Chalk one up for ET...somethings I guess: ETN's - in this case (BWV). Lower cost exchange-traded index products have opened up another space to low cost index investors. This time it's the buy-write strategy.
When I first saw the introduction of iPath ETNs, I was befuddled, and got the feeling that BGI had introduced the products (right around the same time as the iShares GSCI (GSP) – now S&P GSCI - came out) and DJ AIG (DJP) as a side effect of working the regulatory regime from two directions to see what came out first.Subsequently they’ve added the GSCI Oil (OIL) iPath ETNs in the commodities space.
Both the iShares and iPath commodities basket funds were beaten to the market (the exchange traded commodities basket market, that is) by the Deutsche Bank Commodities Index Tracking Fund (DBC). It seemed at that time that the GSCI iPath ETN might become an orphan – but it’s done quite well – and its kin, the Dow Jones AIG ETN (DJP) has blown the others out of the water – as I discover further down in this blog.
It’s a wild and woolly space, the exchange-traded funds market, and what looks certain today could be far from certain tomorrow. I do think that it’s possible that ETNs could completely revolutionize the space, providing on-the-money tracking and much more importantly if it comes out this way, enormous tax benefits, particularly for the types of products they are launching, designed to track the performance of asset classes that traditionally can only be accessed through the use of structures that have a tendency to spew out enormous amounts of highly taxable income.
And – less discussed – only a few major players really have the ability to issue this sort of product. So line up those alliances and get your note-writing gear in place.We could be entering a whole new era…one with more reasonable prices than the closed-end products in some of these spaces – and with perfect tracking and less income tax.
We definitely have our eye one developments in the space…and there is a lot going on behind the scenes in some of the more esoteric asset classes. I’ve been waiting for a long time for a buy write index ETF or ETF-like product to come out, and now we have it. Next up, munis, more international style and a 130/30 fund.
Lets take a pause and look at "benefits of first to markets" scorecard:
- The S&P GSCI iPath was launched on June 6, 2006 and has $163 million
- The Dow Jones AIG iPath was also launched on June 6, 2006 and has…whaaaaaa? $1.6 BILLION in assets. And it trades a couple hundred thousand shares a day.
- The S&P GSCI iShare was launched on July 10, 2006 and now has net assets of $216 million (OIL the S&P GSCI Oil iPath launched on December 19th, 2006 and has $350 million in assets – and according to the iPath site trades 650,000 shares a day!)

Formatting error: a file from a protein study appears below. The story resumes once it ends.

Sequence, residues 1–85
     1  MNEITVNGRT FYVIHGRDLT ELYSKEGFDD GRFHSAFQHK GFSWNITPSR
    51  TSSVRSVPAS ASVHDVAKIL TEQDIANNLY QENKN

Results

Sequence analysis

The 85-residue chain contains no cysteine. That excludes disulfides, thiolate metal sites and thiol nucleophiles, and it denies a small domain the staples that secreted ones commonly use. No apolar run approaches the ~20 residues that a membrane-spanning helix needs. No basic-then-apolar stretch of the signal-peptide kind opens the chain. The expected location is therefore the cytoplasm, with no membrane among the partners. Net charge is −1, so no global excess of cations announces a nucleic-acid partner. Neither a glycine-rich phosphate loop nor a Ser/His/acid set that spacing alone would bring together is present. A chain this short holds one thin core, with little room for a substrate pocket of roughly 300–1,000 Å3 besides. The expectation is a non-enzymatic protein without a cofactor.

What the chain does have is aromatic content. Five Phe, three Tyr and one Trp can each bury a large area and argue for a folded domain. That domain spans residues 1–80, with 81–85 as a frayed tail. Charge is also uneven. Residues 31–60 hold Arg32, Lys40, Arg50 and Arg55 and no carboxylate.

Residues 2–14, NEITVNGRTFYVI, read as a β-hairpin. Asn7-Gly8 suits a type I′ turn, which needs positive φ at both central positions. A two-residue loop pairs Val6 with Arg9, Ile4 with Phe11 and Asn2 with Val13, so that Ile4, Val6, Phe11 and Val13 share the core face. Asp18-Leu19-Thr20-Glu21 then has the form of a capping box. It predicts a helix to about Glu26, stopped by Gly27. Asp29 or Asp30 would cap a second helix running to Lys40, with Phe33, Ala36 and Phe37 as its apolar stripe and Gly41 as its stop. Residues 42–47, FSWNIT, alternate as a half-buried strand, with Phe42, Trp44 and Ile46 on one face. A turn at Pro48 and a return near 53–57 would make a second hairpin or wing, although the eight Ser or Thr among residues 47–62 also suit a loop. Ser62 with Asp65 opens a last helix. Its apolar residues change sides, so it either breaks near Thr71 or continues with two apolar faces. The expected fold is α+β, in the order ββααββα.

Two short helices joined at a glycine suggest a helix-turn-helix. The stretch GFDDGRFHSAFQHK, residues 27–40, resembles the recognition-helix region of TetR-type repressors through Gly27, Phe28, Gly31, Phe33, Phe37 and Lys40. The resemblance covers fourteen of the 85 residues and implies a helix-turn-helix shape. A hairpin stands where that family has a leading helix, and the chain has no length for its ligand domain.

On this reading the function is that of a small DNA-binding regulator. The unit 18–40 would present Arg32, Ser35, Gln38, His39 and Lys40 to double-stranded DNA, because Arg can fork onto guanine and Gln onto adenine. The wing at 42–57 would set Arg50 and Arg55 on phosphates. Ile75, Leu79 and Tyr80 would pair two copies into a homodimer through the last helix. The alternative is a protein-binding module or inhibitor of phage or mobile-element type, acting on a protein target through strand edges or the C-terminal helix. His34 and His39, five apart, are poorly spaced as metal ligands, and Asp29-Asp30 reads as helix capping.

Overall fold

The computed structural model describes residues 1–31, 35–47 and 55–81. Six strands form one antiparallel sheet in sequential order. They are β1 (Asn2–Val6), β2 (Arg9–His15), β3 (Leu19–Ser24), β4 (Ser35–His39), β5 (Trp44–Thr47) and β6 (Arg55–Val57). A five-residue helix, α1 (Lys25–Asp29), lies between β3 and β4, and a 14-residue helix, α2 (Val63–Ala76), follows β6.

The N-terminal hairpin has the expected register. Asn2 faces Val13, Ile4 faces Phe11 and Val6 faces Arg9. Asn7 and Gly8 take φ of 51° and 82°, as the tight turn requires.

- The Deutsche Bank Commodities Index ETF was launched on February 3, 2006 and has assets of $875 million (BTW, the currency harvest fund (DBV) launched on September 18, 2006 has $380 million.
So that’s kind of funny – the DJAIG iPath ETN sort of blew my theory out of the water…to be honest I had no idea it had that kind of assets – and I’m familiar with the space since we manage the www.hardassetsinvestor.com Web site, which is all about commodities.
It’s always fun to pour through the data – and the above is extremely interesting.It makes you wonder exactly what’s going on here. Who is trading all of those OIL shares. Hedge funds? (always a good suspect) Institutional players who might normally trade the futures? Inquiries must be made. But I guess it’s not too surprising that the broad commodities baskets look a bit more buy and hold, and the Oil is trading. At least SOMETHING is trading in the space. A quick look to the data – USO (the US Oil ETF) which I knew had nearly a billion in assets – is trading 2.95 million shares a day. Very interesting…I sense an article here.
Which brings us back around to the iPath ETNs. Time will tell how they shift the market. But the tax issues, for example are just shaking out now. They could completely shift the landscape in unexpected ways, much the way ETFs did. The tax benefits of the creation and redemption structure only dawned upon the developers of ETFs late in the process…as told to me by beloved Nate Most, who developed the first ETFs at the AMEX. We miss you Nate…
And just by the way, the iPath CBOE S&P 500 BuyWrite Index ETN held $15 million at the end of day one, with volume of 3,600 and an even 300,000 shares outstanding. Next chapter: Beyond My Seed - A Story of Income Generation.